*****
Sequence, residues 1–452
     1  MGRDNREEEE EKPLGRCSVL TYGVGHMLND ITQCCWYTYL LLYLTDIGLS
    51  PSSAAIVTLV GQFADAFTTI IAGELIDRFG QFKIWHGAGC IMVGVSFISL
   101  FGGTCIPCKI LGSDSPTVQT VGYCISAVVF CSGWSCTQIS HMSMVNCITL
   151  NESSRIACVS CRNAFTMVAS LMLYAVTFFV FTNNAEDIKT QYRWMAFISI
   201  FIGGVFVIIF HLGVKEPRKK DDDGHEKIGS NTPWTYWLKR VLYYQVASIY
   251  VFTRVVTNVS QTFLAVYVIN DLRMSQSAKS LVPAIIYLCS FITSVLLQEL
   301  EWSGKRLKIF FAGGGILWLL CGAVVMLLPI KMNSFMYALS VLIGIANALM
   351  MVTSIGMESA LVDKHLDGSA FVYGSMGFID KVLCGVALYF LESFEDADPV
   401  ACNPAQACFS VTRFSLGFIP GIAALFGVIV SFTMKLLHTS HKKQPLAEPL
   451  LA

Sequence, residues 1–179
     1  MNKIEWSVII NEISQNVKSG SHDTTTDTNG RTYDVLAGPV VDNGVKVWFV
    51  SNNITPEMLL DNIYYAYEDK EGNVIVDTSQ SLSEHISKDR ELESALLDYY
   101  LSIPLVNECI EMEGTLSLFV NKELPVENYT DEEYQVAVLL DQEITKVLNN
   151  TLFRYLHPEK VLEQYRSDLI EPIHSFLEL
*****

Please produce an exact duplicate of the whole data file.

Sequence, residues 1–452
     1  MGRDNREEEE EKPLGRCSVL TYGVGHMLND ITQCCWYTYL LLYLTDIGLS
    51  PSSAAIVTLV GQFADAFTTI IAGELIDRFG QFKIWHGAGC IMVGVSFISL
   101  FGGTCIPCKI LGSDSPTVQT VGYCISAVVF CSGWSCTQIS HMSMVNCITL
   151  NESSRIACVS CRNAFTMVAS LMLYAVTFFV FTNNAEDIKT QYRWMAFISI
   201  FIGGVFVIIF HLGVKEPRKK DDDGHEKIGS NTPWTYWLKR VLYYQVASIY
   251  VFTRVVTNVS QTFLAVYVIN DLRMSQSAKS LVPAIIYLCS FITSVLLQEL
   301  EWSGKRLKIF FAGGGILWLL CGAVVMLLPI KMNSFMYALS VLIGIANALM
   351  MVTSIGMESA LVDKHLDGSA FVYGSMGFID KVLCGVALYF LESFEDADPV
   401  ACNPAQACFS VTRFSLGFIP GIAALFGVIV SFTMKLLHTS HKKQPLAEPL
   451  LA

Sequence, residues 1–179
     1  MNKIEWSVII NEISQNVKSG SHDTTTDTNG RTYDVLAGPV VDNGVKVWFV
    51  SNNITPEMLL DNIYYAYEDK EGNVIVDTSQ SLSEHISKDR ELESALLDYY
   101  LSIPLVNECI EMEGTLSLFV NKELPVENYT DEEYQVAVLL DQEITKVLNN
   151  TLFRYLHPEK VLEQYRSDLI EPIHSFLEL